We should take advantage of existing international support and diplomatic initiatives which provide us with natural allies and existing frameworks which could be used to generate a broad base of popular support. In particular, we note the UN Resolution of October 16, 2008, for “Decreasing the operational readiness of nuclear weapons systems” (see “http://www.reachingcriticalwill.org/political/1com/1com08/res/L5.pdf”http://www.reachingcriticalwill.org/political/1com/1com08/res/L5.pdf ). The Resolution “Calls for further practical steps to be taken to decrease the operational readiness of nuclear weapons systems, with a view to ensuring that all nuclear weapons are removed from high alert status”. This should be strongly supported by all States and civil society.
Let us join with the nations and diplomats already in support of de-alerting and find a means to create a genuine public awareness of the danger of our current situation.
1. Current nuclear doctrines, which rely upon instant reactions and a one man decision, are totally antidemocratic. It is amazing that so-called “democratic States” could accept such a policy. With de-alerting, the change is very important because increasing the available decision-making time makes possible a more democratic process.
2. De-alerting can occur in a variety of ways, beginning with changes in the weapon systems that delay the launch process for a matter of hours, then days, weeks, and months. Because de-alerting is considered to be a reversible process, it is useful primarily in reducing tensions, making both democratic decisions possible and paving the way for non-reversible reductions in the nuclear arsenals, paving the way towards the final goal of nuclear abolition.
3. True disarmament must include more than just a lowering in numbers of missiles or operational warheads. The START Treaty is worthwhile because it reinstitutes a genuine, verifiable arms control process between the US and Russia. However, it makes no real difference in terms of human survival, because it allows many thousands of reserve and operationally deployed warheads to exist. Thus START takes only a small step towards the goal of eliminating existing nuclear arsenals which, if detonated in conflict, would destroy all nations and peoples. What is required is a change in doctrine and mindset that can permit abolition to occur; de-alerting is a natural first-step toward that goal.
4. The Global Zero Movement does not promote the Convention just because the NWS are not ready to accept a real change in their posture. When disarmament is agreed upon, then a Convention can be proposed, that is the policy of Global Zero. If de-alerting were to be implemented, then a Convention becomes more acceptable.
5. Many States advocated for the Convention during the 2010 Review Conference. It could be proposed to these States that they make a statement in support of this de-alerting campaign. The Land mine Treaty was accepted because of a common action of NGOs and States; that could be the good example to follow in this case.
6. For the US and Russia, No Launch Before Detonation would be a new posture which does not correspond to “No First Use”, because there is no mention of a first-strike on a “rogue” State. NLBD avoids the difficult question of retaliation, because it has to be considered that even after a nuclear first strike, there is the possibility of no retaliatory strike.
7. The project of a Convention should ideally involve all states in possession of nuclear weaponry. With de-alerting we can go beyond the NPT and prepare a global agreement on the disarmament process (as the NPT has been unable to accomplish this task). This is exactly the goal of the Convention.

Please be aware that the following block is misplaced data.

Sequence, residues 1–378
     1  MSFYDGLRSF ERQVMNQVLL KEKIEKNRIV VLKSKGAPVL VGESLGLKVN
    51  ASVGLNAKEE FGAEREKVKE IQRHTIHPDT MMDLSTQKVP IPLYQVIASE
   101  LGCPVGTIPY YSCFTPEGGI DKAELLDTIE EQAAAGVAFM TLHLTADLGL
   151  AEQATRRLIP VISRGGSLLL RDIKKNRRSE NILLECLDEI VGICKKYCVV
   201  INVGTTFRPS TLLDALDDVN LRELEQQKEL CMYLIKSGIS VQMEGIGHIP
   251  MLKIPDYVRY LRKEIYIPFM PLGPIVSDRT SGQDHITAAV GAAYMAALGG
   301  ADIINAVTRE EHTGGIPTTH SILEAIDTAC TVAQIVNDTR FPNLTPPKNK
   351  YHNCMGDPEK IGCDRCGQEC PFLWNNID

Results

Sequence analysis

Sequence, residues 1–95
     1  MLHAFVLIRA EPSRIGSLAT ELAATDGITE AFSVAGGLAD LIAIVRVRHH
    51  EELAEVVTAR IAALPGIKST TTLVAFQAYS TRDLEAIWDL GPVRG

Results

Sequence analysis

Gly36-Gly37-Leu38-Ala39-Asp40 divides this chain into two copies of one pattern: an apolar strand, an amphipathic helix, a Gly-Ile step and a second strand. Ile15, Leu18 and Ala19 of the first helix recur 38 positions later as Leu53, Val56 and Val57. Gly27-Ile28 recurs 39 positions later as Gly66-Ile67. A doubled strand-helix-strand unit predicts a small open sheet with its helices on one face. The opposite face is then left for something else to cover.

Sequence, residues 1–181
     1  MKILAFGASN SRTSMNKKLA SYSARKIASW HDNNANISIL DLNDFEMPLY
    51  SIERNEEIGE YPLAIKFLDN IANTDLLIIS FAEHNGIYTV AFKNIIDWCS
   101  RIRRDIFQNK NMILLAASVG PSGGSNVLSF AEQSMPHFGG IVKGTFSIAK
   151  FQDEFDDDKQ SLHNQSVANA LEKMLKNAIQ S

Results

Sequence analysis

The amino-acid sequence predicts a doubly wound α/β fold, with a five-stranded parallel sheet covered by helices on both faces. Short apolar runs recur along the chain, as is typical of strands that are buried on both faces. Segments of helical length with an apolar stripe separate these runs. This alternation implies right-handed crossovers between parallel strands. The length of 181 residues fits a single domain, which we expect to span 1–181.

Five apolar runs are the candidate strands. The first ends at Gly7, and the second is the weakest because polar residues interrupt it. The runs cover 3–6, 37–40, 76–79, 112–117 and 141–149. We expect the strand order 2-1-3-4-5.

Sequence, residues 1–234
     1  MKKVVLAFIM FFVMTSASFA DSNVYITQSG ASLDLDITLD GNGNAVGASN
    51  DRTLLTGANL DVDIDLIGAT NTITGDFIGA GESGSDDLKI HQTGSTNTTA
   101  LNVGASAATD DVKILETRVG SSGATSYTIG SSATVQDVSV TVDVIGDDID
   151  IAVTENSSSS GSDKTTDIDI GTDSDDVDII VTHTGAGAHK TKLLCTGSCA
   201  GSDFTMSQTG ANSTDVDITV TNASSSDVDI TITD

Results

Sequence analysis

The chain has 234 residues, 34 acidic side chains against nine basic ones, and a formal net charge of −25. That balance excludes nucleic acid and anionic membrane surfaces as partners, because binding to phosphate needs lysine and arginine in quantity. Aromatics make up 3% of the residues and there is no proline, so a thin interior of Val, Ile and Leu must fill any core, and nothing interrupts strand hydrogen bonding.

8. The de-alerting campaign, done in the framework of the Convention, will generate a new opportunity to create a disarmament process as it is described in the Convention.
“Elements for a Plan of Action for the
Elimination of Nuclear Weapons”
proposed by the NAM
First Phase 2010 to 2015
A. Measures aimed at reducing the nuclear threat
1. Immediate and concurrent commencement of negotiations and early conclusions of: (nine topics are then listed, including a NWC)
2. *Stand down nuclear weapon systems from a state of operational readiness.*
B. Measures aimed at Nuclear Disarmament (four measures are listed)
“Reframing Nuclear De-Alert”
Decreasing the operational readiness
of U.S. and Russian arsenals
EastWest Institute, Federal Department of Foreign Affairs of Switzerland and the New Zealand Ministry of Foreign Affairs and Trade, 21-23 June 2009, Hotel La Prairie, 1400 Yverdon-les-Bains, Switzerland
Welcome and Introductions
- Christian Schoenenberger, Head, Task Force on Nuclear Disarmament and Non-Proliferation, Swiss
Federal Department of Foreign Affairs
- W. Pal Sidhu, Vice President of Programs, EastWest Institute
Session I: Russian Perspectives on De-Alerting Nuclear Weapons
- General (Ret.) Viktor Koltunov, Deputy Director, Institute for Strategic Stability of Rosatom
- Eugene Miasnikov, Senior Research Scientist, Centre for Arms Control, Energy, and Environmental Studies, Moscow Institute of Physics and Technology
- Leonid Ryabikhin, Executive Secretary, Committee of Scientists for Global Security and Arms Control; Senior Fellow, EastWest Institute
- Harold Feiveson, Co-Director, Program on Science and Global Security, Princeton University
Session II: U.S. Perspectives on De-Alerting Nuclear Weapons
- Walter Slocombe, Member, Caplin & Drysdale Attorneys; former Under Secretary of Defense for Policy, United States Department of Defense
- John Steinbruner, Director, Center for International and Security Studies at Maryland, University of Maryland; Chairman of the Board, Arms Control Association